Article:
This study investigated students’ modeling progress and strategies in a problem-solving simulation game through content analysis, and through supervised and unsupervised lag sequential analysis (LSA). Multiple data sources, including self-report models and activity logs, were collected from 25 senior high school students. The results of the content analysis found that the problem-solving simulation game helped most of the students to reflectively play with the science problem and build a workable model to solve it. By using the supervised LSA, it was found that the students who successful solved the game frequently linked the game contexts with the physics terminologies, while those who did not solve the problem simply relied on the intuitive knowledge provided in the reference materials. Furthermore, the unsupervised LSA identified four activity patterns that were not noticed in the supervised LSA: the fragmented, reference material centered, reference material aided modeling, and modeling centered patterns. Each pattern has certain associations with certain problem-solving outcomes. The results of this study also shed light on the use of different analytics techniques. While the supervised LSA is particularly helpful for depicting a contrast of activity patterns between two specific student groups, the unsupervised LSA is able to identify hidden significant patterns which were not clearly distinguished in the pre-defined student groups. Researchers may find these analytics techniques useful for analyzing students’ learning processes.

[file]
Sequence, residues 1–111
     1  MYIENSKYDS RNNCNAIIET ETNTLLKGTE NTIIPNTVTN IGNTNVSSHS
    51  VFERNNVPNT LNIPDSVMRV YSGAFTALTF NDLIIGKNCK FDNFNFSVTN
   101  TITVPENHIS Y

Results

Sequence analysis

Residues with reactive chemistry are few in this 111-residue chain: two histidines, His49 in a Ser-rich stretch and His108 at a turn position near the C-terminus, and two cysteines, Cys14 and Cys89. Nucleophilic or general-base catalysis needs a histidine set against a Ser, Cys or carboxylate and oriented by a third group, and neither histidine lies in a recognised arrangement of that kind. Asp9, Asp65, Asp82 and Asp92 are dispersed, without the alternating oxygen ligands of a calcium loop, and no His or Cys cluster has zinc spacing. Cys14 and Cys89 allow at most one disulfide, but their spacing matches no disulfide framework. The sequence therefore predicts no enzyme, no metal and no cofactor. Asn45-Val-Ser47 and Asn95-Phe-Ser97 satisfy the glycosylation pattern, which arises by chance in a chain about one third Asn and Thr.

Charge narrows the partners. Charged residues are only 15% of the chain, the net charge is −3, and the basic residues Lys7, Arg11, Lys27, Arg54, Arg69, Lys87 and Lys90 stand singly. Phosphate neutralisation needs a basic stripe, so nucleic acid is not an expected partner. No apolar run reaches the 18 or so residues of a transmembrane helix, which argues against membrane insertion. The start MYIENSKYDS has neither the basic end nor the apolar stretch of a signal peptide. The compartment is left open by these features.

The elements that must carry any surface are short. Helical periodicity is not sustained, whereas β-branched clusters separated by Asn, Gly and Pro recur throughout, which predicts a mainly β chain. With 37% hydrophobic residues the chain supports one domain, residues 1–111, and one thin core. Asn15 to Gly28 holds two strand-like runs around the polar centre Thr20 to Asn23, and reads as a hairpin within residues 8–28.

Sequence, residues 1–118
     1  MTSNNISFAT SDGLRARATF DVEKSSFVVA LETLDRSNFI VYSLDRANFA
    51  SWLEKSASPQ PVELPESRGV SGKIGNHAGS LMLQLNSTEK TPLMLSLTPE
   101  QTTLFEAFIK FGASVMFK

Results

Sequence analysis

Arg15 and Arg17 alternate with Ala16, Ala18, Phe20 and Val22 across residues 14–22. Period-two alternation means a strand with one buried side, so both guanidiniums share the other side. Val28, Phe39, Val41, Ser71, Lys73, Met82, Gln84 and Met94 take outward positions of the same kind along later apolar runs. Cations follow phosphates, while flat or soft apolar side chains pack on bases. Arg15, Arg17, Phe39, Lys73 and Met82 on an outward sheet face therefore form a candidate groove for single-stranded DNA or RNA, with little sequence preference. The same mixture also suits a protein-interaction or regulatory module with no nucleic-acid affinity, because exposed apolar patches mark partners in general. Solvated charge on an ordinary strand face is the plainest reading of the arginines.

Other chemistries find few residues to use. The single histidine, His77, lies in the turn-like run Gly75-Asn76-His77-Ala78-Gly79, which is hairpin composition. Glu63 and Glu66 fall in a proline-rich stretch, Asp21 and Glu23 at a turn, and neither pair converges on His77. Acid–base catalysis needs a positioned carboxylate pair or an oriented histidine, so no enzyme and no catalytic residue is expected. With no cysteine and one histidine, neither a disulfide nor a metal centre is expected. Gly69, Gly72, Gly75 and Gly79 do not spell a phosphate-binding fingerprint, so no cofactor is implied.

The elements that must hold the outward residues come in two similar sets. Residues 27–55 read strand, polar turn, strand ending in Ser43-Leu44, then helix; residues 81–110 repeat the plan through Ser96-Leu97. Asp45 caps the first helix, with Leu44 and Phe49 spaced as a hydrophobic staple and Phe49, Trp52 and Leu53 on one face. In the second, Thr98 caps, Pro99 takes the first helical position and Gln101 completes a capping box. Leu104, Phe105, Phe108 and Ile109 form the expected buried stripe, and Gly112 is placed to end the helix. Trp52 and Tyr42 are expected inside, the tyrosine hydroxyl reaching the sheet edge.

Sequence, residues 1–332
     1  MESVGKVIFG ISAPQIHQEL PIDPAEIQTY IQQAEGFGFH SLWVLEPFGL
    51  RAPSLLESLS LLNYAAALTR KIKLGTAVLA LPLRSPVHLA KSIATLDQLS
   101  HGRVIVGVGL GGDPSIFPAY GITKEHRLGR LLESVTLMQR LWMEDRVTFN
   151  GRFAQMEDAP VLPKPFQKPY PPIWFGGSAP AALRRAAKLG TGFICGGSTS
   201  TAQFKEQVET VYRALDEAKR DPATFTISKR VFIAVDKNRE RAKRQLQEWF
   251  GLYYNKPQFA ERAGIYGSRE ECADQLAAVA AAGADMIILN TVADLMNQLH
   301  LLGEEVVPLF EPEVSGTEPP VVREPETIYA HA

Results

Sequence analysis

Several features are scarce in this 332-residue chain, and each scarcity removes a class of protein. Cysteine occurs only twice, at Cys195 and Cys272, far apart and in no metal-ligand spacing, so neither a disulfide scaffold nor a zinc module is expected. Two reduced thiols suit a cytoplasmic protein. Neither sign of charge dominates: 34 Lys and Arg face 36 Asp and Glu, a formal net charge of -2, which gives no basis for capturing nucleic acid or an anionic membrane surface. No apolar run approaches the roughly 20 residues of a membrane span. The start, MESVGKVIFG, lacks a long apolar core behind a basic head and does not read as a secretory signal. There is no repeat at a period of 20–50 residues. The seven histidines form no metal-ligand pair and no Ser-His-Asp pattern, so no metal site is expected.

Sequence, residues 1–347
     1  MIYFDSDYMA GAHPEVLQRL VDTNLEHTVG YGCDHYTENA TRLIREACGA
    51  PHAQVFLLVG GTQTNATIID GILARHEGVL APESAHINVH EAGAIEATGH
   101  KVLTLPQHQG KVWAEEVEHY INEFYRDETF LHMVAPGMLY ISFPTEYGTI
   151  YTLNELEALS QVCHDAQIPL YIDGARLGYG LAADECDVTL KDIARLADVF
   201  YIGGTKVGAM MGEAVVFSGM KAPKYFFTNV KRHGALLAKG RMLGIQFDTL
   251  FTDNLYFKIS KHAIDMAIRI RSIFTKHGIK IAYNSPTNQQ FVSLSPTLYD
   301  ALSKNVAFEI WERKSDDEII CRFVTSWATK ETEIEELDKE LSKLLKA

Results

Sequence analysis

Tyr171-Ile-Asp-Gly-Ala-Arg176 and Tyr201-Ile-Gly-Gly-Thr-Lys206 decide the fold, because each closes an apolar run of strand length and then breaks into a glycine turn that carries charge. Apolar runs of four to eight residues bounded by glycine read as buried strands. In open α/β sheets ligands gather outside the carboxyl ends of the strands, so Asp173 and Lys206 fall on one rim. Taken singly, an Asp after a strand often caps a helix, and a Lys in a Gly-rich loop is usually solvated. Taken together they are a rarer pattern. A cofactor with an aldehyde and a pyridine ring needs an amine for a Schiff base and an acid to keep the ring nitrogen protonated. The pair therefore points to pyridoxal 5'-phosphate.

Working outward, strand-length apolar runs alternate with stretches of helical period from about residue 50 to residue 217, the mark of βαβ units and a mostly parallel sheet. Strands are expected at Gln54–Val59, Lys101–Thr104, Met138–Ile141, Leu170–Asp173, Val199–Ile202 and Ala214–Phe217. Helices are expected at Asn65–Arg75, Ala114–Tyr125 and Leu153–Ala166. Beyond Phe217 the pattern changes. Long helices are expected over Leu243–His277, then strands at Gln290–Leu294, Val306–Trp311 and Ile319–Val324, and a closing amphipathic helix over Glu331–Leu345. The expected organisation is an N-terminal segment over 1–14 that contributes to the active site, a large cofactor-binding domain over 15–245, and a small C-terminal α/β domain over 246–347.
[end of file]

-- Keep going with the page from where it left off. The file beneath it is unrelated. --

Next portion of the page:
- Lag sequential analysis
- Learning analytics
- Simulation games
ASJC Scopus subject areas
- Developmental and Educational Psychology